#Poll:* RPGT could discourage many from buying property

PETALING JAYA: The imposition of the 5% Real Property Gains Tax (RPGT) is pouring cold water on plans by some people to acquire property next year. 

A poll ran by over the past two weeks following the announcement of the RPGT in Budget 2010 found that nearly three quarter of the poll participants voted that the RPGT discouraged them from buying property.

The poll question was: Will the imposition of a 5% RPGT from 2010 discourage you from buying a property? Yes/No

The poll began on Oct 26 and as of Nov 6, 5pm there were 285 votes of which 72.6% were in the affirmative.

As if echoing this sentiment among property buyers, some tax experts are anticipating a dampened property market with the RPGT imposition from Jan 1, 2010.

“It would likely dampen the market for a while as people would hold back on acquisition transactions,” said PricewaterhouseCoopers Taxation Services Sdn Bhd’s executive director, Ng Say Guat in an earlier article on

“…I foresee people becoming more careful when it comes to purchasing and selling a property, thus slowing down the momentum we are just starting to gain which is detrimental to our market,” said KGV-Lambert Smith Hampton executive director Samuel Tan.

However, properties older than five years may see heavier transactions in the months leading up to Jan 1, 2010.

An unnamed tax consultant is of the opinion that medium- to long- term property investors and companies holding their properties for more than five years will be trying to sell them off now before Jan 1.

This is because the new system will disadvantage individuals and holding companies that have held on to their properties for longer than five years and have seen an appreciation since.

Previously, the RPGT did not apply to property transacted after five years of ownership.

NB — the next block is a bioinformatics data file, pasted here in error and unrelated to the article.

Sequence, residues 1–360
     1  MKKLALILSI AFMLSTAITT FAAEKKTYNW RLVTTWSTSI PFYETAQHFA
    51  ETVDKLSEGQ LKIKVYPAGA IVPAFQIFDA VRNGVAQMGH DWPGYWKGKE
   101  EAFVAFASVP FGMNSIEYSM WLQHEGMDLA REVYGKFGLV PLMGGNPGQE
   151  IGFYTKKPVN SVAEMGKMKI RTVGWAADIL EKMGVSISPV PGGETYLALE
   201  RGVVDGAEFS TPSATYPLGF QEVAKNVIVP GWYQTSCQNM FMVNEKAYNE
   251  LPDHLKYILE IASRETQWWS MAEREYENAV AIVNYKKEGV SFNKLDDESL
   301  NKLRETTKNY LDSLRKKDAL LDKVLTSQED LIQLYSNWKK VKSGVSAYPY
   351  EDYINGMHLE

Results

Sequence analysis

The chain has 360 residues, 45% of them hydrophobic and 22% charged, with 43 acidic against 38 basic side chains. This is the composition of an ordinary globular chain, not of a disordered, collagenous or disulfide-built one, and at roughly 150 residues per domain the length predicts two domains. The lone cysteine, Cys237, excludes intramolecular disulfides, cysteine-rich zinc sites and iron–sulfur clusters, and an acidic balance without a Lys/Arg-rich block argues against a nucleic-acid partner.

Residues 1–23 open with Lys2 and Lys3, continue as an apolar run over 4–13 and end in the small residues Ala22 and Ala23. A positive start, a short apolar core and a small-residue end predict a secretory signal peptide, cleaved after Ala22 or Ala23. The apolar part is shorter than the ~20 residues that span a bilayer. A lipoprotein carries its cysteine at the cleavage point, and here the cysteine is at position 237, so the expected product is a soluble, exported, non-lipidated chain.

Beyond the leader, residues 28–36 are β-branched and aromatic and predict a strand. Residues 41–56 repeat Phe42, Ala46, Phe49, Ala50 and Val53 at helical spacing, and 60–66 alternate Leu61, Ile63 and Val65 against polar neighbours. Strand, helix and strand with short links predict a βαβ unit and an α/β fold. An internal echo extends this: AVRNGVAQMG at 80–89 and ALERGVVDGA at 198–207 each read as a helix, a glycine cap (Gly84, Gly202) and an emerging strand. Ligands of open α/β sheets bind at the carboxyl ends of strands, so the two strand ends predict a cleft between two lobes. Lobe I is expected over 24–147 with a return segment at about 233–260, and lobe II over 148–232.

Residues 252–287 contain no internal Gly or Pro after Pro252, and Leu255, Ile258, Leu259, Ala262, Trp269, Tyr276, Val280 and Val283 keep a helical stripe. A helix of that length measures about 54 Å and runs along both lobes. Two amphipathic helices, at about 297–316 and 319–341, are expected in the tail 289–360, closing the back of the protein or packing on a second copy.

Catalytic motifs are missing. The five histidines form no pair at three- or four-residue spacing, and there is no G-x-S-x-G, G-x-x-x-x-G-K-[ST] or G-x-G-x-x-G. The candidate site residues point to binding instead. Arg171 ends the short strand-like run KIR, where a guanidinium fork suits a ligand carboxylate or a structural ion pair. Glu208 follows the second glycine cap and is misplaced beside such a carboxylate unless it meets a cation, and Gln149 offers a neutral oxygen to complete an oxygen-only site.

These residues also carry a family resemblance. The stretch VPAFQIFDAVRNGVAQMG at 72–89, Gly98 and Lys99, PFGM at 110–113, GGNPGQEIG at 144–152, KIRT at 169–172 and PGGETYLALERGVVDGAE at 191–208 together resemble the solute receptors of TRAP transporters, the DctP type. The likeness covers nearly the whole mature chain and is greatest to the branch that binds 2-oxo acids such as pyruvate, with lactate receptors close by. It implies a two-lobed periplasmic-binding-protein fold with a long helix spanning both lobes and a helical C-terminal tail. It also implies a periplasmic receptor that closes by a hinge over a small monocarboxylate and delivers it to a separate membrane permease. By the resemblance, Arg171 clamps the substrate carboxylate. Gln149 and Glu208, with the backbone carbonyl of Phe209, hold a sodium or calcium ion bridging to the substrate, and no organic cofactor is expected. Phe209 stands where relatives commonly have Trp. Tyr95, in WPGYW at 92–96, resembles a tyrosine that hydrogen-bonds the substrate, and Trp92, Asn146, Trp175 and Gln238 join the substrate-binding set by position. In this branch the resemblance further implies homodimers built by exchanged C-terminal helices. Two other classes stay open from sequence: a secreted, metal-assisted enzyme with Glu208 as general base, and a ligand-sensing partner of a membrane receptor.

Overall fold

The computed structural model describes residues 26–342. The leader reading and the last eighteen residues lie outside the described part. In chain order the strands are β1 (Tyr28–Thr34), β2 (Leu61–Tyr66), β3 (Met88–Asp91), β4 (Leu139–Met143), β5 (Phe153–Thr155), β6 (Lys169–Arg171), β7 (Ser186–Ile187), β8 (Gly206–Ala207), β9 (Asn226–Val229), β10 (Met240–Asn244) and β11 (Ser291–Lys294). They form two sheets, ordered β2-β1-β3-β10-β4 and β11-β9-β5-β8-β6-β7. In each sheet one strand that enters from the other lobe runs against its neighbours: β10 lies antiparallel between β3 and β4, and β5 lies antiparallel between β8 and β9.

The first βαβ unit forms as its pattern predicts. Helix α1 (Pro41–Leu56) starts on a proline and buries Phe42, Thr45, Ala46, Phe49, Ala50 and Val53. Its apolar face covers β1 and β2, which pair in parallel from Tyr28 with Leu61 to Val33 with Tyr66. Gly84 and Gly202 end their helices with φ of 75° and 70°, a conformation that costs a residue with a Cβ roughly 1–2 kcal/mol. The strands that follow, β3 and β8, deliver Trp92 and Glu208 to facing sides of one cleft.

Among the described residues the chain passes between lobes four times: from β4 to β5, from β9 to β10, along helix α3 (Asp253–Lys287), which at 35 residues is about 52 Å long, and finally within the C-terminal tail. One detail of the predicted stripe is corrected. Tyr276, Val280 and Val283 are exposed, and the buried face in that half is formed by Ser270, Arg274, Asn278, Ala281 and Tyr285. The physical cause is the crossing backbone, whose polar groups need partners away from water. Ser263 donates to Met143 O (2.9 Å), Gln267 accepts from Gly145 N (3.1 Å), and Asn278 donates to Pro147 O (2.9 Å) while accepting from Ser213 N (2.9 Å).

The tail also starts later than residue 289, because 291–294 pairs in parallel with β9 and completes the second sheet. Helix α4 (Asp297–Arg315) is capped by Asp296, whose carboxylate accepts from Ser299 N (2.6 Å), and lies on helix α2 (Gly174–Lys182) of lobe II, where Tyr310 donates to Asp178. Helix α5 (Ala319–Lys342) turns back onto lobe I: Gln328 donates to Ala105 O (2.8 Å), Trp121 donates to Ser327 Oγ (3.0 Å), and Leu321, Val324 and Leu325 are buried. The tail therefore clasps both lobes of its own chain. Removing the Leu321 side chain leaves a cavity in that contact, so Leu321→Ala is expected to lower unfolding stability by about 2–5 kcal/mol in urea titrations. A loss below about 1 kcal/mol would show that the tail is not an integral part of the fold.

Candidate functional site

However, what riles the industry was not so much the amount taxed as the effect it will have on the local property market as the global economy is still vulnerable, as well as how it is symptomatic of a flip-flop in government policy implementation.

The Edge’s City & Country, haven and editor Au Foong Yee had this to say in her latest commentary: “The 5% RPGT is in danger of being viewed as yet another of Malaysia’s once infamous flip flops in real estate-related guidelines and regulations.

“If we are indeed serious in attracting property foreign direct investments (FDIs), we must walk the talk. At all times,” she wrote.

“The property players were consistent in their frustrations over another change in policy after having spent the last two years hammering home the point that Malaysia does not impose RPGT through their marketing efforts on the international market,” Hall Chadwick Asia chairman Kumar Tharmalingam wrote in City & Country’s My Space column. City & Country is the property pullout of The Edge.

However, not all reacted negatively to the news, considering it as a means to cool the market and allow genuine investors to study the market properly before making purchases. Nonetheless, the general consensus appears to be that the RPGT imposition will somewhat curb buyers’ appetite for property, at least in the short term.
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